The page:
Mr. Skinner smiled. “The old dog for the cold scent,” he suggested.
“You bet,” Cappy cackled triumphantly. “Skinner, my dear boy, what are we paying you?”
“Ten thousand a year, sir.”
“Not enough money. Hereafter pay yourself twelve thousand. Tut, tut. Not a peep out of you, sir, not a peep. If you do, Skinner, you’ll spoil the happiest day I’ve known in twenty years.”
CAPPY PULLS OFF A WEDDING
About a week later, Captain Matt Peasley was studying the weather chart at the Merchants’ Exchange when he heard behind him a propitiatory “Ahem! Hum-m-m! Harump-h-h-h!”—infallible evidence that Cappy Ricks was in the immediate offing, yearning for Matt to turn round in order that he might hail the boy and thus re-establish diplomatic relations. Matt, however, elected to be perverse and pay no attention to Cappy; instead, he moved closer to the chart and affected greater interest in it.
“Hello, you big, sulky boob!” Cappy snapped presently, unable to stand the silence any longer. “Come away from that weather chart. It’s blowing a fifty-mile nor’west gale off Point Reyes, and that’s all any shipping man cares to know to-day. You haven’t got any ships at sea!”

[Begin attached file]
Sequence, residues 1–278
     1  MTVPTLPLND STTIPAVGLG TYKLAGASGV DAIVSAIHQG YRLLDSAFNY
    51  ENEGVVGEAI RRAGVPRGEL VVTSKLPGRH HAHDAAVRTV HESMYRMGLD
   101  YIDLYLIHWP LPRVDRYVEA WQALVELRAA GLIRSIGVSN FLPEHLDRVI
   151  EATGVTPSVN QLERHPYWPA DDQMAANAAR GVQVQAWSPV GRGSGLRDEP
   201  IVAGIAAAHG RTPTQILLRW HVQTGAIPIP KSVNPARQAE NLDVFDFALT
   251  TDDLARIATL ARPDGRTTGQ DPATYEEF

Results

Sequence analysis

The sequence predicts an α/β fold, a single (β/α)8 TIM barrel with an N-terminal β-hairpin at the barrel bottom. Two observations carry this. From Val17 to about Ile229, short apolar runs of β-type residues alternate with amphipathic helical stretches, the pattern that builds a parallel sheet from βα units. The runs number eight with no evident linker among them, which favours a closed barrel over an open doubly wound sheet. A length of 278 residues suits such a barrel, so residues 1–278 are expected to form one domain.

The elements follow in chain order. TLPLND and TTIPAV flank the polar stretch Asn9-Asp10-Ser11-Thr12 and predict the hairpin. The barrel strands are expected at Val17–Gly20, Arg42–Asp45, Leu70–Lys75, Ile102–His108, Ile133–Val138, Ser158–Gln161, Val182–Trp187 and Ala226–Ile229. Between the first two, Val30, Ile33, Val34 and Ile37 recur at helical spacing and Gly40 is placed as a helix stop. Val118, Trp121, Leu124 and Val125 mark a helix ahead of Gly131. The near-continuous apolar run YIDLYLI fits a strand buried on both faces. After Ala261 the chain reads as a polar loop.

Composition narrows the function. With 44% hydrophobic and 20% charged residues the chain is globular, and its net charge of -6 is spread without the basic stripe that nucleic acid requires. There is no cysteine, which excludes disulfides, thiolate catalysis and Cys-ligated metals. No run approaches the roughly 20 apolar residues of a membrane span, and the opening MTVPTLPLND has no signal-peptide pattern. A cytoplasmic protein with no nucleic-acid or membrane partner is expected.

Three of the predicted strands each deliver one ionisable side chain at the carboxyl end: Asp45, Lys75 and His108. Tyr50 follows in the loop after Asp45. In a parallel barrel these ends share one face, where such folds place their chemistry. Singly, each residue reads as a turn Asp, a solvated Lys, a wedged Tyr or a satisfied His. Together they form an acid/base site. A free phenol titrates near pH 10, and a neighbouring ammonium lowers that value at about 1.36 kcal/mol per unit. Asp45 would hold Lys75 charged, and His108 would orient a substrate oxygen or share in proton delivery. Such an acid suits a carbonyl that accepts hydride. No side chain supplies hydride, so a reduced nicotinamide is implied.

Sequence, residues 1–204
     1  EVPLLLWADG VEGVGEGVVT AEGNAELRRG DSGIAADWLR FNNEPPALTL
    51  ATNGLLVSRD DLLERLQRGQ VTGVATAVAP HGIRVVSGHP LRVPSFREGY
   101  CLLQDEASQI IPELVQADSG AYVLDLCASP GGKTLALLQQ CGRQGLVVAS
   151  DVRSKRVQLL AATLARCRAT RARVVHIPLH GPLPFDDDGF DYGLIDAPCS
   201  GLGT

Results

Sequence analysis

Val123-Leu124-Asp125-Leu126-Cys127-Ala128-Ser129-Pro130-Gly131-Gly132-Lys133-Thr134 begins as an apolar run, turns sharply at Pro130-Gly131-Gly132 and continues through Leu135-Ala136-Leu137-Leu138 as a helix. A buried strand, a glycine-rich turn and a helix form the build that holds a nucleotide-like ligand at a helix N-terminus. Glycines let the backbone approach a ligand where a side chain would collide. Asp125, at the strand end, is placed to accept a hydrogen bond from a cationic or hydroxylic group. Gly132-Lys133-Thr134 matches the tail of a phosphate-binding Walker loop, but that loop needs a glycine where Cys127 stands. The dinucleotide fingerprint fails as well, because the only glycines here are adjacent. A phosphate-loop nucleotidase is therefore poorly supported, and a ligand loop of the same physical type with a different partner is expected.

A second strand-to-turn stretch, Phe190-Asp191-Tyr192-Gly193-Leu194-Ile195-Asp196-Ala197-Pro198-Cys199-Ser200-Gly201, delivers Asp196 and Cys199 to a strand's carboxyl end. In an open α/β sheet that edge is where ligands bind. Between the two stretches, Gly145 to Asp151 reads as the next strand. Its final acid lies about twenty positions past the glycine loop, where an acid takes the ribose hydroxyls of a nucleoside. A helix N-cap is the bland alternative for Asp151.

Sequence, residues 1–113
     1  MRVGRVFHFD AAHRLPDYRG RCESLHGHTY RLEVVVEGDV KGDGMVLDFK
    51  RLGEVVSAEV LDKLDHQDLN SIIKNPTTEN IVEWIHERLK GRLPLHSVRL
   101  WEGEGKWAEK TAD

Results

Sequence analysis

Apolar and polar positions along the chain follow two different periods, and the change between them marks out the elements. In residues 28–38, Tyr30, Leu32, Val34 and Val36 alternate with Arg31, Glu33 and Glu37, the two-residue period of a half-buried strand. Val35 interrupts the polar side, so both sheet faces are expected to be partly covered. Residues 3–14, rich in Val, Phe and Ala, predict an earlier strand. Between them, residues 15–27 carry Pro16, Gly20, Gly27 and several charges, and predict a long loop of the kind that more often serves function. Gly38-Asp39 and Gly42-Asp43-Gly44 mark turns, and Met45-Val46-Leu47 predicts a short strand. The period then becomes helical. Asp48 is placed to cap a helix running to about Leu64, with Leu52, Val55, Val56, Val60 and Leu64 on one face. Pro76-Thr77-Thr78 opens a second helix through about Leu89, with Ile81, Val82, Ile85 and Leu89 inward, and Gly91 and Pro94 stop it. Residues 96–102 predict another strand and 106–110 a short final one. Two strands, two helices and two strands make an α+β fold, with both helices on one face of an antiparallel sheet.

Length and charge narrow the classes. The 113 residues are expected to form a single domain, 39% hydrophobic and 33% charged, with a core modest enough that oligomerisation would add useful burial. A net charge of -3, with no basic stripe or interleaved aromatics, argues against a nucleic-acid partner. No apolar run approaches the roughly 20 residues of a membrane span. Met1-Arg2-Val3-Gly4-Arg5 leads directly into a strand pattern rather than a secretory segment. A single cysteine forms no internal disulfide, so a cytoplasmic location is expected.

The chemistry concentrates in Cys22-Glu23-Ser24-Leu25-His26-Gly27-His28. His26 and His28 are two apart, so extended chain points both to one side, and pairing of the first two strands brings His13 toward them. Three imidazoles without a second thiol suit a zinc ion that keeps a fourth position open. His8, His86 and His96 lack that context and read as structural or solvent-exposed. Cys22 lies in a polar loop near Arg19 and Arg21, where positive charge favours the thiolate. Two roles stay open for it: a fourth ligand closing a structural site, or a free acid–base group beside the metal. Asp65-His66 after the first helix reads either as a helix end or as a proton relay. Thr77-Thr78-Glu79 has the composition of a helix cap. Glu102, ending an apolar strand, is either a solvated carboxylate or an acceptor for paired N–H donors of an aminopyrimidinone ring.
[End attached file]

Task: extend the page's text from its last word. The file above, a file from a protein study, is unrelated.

“No; but you have, sir,” Matt replied, unable longer to simulate indifference to Cappy’s presence. “The Tillicum is bucking into that gale this minute, wasting fuel oil and making about four miles an hour. I’m glad you’re paying for the oil. Where are you loading her?”
“At Hinch’s Mill, in Aberdeen, Grays Harbor; discharge at Honolulu and back with sugar.” Cappy came close to Matt and drew the latter’s great arm through his. “Say, Matt,” he queried plaintively, “are you still mad over that walloping I gave you?”
“Well-l, no. I think I’ve recovered. And I’m not willing to admit I was walloped. The best you got out of our little mix-up with the Tillicum was a lucky draw.”
“I’m still out a lot of money,” Cappy admitted. “You owe me eighteen thousand dollars on that charter I canceled on you, Matt, and you ought to pay it. Really, you ought.”
“That being tantamount to an admission on your part you cannot go into court with clean hands and force me to pay it,” Matt flashed back at him, “I’ll make you a proposition: You render me an accounting of the freight you collected on the cargo you stole from me, and I’ll render you an accounting for the freight on the cargo I stole from you; then we’ll get an insurance adjuster in and let him figure out, by general average, how much I would owe you if I had a conscience; then I’ll give you my note, due in one year, at six per cent. for whatever the amount may be.”
“Why not give me the cash?” Cappy pleaded. “You’ve got the money in bank.”
“I know; but I want to use it for a year.”